Chapter 11: Money on The Street
Dominick Amato: “I hear all you guys on Wall Street are millionaires, when you gonna make us rich?"
Bud Fox: “Gotta open an account to win the lottery, Dominick. Give me $15,000, you'll have a condo in Florida next Christmas.”
– Wall Street (1987)
If you're ready to save for longer-term goals you should get a brokerage account. This will get you admission to "Wall Street", the global world of finance and investing that draws its name from a few short city blocks in downtown New York. Both are worth a visit.
A brokerage account lets you buy and sell different types of investments, which you cannot do in a checking or savings account. A regular brokerage account is “taxable,” just like a regular bank account. This means that if you earn interest or other kinds of investment income in the account you will owe taxes on that income. But you can also have IRA or Roth IRA brokerage accounts, with the tax benefits mentioned in the last chapter.
Choosing where to open a brokerage account can be overwhelming—and overwhelmingly dull. In the interest of your sanity, I'm going to narrow the choice to just a handful.
There is a rough distinction between “full-service” and “discount” brokerage firms. Full-service brokerages often end up being costly because they have “financial advisors” who are paid to sell you investments. Among the biggest are Edward Jones, Raymond James, Merrill Lynch (owned by Bank of America), Wells Fargo Advisors, Ameriprise, and Morgan Stanley. I suggest staying away from them to keep expenses to a minimum.
Discount brokerages are more or less self-service. They have comprehensive, easy-to-use websites that allow you to research, buy, and sell investments. If you get stuck, they have phone support. Some also have branch offices that you can visit for various services. The biggest are Fidelity, Schwab, and E*Trade. All of them handle traditional and Roth IRAs. Fidelity also offers HSA accounts. For the investment approach that I espouse in this book, I suggest you sign up with either Fidelity, Schwab, or Vanguard. Vanguard has some of the best low-cost mutual funds, which may not be available for free at Schwab or Fidelity. Vanguard's website is a bit clunkier but it works.
There are a host of other brokerage account options. Most likely you don’t need them. Here’s why:
    If you want to work with a financial advisor, you may be asked to go with the company he or she is affiliated with. This could be a bank, insurance company, or so-called advisor platform (such as LPL Financial). But having your brokerage account through one of these entities can be more expensive and less flexible. If you want an advisor, consider one who doesn't require you to keep your money with them. At a minimum, be very aware of any extra fees you are being charged—directly or through the investment choices offered (see Chapter 25).
    Online start-up Robinhood has a millennial vibe but a limited offering. When they first hit the scene they forced other big discount brokers to eliminate commissions, but at this point their services don’t keep up with Fidelity or Schwab. Also, Robinhood tries to entice you to manage your portfolio on your phone. As we’ll discuss in a later chapter, constantly checking up on your portfolio is a recipe for making bad choices.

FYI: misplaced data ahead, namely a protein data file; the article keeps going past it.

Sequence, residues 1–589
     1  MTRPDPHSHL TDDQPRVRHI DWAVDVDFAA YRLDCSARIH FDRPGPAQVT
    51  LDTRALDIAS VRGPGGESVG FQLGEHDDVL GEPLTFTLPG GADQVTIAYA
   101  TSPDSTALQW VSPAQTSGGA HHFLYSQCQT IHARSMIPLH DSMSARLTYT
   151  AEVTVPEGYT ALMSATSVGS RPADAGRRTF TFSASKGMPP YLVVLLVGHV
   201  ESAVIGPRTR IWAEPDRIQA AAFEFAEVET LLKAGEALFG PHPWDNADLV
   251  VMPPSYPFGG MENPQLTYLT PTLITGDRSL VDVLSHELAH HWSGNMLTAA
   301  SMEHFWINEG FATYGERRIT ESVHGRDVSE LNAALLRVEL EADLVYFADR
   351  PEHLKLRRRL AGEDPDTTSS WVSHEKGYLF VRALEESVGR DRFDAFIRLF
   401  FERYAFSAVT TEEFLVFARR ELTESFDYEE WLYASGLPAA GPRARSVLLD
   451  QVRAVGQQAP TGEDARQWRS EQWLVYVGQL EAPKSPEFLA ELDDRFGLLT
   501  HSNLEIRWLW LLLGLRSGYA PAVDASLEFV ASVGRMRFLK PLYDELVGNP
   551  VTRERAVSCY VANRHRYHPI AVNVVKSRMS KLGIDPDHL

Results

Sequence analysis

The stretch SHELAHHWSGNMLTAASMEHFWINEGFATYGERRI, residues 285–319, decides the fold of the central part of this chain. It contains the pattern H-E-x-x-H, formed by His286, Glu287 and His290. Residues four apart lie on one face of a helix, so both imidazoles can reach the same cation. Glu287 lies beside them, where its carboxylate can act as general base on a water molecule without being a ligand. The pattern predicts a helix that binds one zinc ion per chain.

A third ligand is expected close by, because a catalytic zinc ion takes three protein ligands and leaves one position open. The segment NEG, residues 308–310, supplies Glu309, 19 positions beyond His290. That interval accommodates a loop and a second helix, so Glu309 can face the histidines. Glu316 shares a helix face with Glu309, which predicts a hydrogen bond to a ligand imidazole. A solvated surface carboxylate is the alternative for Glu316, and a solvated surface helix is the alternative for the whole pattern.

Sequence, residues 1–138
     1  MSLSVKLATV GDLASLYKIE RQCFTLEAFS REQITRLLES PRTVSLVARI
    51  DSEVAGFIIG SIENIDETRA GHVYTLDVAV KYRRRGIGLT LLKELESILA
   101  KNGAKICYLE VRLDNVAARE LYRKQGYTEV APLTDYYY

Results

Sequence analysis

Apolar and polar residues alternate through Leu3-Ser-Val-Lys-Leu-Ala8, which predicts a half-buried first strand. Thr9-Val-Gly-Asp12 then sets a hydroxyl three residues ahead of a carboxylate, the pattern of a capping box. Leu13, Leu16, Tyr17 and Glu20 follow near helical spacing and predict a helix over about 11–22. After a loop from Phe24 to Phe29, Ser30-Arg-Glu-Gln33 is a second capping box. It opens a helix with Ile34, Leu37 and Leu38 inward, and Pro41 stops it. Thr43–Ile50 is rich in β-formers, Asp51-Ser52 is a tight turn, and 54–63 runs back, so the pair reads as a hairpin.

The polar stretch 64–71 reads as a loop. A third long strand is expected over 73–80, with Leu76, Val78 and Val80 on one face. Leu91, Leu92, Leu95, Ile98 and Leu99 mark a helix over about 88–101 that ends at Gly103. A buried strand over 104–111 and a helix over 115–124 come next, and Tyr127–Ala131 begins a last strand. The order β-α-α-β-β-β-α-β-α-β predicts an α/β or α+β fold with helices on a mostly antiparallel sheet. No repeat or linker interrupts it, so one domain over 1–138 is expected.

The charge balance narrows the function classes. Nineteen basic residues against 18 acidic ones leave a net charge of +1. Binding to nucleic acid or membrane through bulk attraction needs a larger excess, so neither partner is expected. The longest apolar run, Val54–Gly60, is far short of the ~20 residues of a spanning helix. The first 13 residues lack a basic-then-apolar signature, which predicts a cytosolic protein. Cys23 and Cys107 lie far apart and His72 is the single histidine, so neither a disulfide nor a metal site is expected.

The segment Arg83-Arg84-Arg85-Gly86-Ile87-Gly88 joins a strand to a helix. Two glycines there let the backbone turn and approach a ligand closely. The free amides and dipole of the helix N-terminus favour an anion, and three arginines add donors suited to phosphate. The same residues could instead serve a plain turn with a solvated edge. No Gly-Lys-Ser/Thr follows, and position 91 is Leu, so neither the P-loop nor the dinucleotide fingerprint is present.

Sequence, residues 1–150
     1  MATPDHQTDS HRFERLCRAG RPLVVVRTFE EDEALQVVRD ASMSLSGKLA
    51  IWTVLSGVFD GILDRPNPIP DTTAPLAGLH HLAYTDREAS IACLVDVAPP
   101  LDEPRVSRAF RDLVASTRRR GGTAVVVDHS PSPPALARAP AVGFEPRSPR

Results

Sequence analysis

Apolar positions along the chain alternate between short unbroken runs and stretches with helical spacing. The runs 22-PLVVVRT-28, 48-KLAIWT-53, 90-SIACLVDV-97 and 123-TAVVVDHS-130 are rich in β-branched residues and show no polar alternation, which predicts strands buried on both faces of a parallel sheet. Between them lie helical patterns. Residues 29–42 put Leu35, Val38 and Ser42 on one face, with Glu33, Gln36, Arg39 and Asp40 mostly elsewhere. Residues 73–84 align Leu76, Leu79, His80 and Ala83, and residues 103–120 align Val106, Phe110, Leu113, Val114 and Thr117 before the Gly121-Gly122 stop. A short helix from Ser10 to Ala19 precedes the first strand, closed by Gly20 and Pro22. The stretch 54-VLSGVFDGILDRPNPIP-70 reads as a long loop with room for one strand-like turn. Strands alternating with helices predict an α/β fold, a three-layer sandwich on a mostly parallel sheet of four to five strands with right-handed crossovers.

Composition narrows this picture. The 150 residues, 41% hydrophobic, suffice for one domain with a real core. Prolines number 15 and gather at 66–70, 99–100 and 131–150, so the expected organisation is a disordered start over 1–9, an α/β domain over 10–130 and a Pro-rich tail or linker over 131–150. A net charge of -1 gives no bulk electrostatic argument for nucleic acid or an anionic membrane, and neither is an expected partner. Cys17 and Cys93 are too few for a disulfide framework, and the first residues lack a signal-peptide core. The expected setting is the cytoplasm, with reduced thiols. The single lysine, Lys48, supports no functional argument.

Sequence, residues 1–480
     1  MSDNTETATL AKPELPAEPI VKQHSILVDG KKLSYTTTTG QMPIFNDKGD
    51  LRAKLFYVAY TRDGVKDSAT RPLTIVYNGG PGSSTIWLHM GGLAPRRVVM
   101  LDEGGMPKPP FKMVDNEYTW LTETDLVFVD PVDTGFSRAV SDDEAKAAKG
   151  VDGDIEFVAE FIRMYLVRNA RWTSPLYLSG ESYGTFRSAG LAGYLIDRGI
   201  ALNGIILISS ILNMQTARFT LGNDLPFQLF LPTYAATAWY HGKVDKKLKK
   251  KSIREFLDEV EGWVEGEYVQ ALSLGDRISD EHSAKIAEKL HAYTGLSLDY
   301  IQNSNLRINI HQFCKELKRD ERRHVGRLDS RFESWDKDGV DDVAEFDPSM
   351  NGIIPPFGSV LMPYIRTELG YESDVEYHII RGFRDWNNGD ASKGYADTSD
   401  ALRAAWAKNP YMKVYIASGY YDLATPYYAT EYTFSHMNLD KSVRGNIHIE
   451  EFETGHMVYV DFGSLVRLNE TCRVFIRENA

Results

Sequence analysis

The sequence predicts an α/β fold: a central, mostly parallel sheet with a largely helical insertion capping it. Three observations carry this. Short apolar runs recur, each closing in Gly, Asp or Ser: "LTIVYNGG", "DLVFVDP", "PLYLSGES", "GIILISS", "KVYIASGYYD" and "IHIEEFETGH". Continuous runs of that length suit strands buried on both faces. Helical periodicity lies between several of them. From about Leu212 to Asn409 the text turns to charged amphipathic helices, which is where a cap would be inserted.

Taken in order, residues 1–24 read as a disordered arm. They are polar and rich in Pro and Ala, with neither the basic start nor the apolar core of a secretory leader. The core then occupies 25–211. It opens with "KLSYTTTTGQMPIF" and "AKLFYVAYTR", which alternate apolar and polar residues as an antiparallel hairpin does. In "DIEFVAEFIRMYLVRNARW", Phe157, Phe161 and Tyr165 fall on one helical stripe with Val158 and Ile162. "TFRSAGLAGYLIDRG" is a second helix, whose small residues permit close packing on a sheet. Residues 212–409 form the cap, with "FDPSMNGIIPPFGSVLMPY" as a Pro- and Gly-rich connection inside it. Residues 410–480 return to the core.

You may come across so-called robo-advisors, among the most prominent of which are Wealthfront and Betterment. While these are brokerage accounts in name, they don’t give you the freedom to choose your investments. Instead, for a fee, they serve up investments predetermined by an algorithm. Similar services are cropping up at most major brokerage firms. One drawback of these services is that if you change your mind and move your investments somewhere else you can end up with a hodgepodge of funds and stocks that is more complicated to manage.
    Some mutual fund companies—for example T. Rowe Price—offer brokerage accounts. These are largely an afterthought. Mutual fund companies are in business to sell you their funds.
    There are firms that cater specifically to active traders. Interactive Brokers is one of the largest.
Once you have opened a brokerage account, have a portion of your paycheck deposited into it and start saving. You should also link it to your checking account so you can make additional deposits. Your money will initially be parked in the brokerage firm’s sweep account until you use it to invest in something. A sweep account is simply a very safe investment option (often a money market fund) that is set up not to lose money but also does not pay a lot of interest.
How safe is your money in a brokerage account? Unlike bank accounts, the value of brokerage accounts is not guaranteed by the government or anyone else. If you invest in something that loses money, it’s on you. But pretty much every brokerage firm is a member of the Securities Industry Protection Corporation (SIPC). The SIPC is not a government agency. It gets its money from its members. Using this money, the SIPC steps in if the firm at which you have your accounts goes bust or defrauds you. It will pay up to $500,000 per person. Don’t get an account at a firm that doesn’t display “Member SIPC.” [25]
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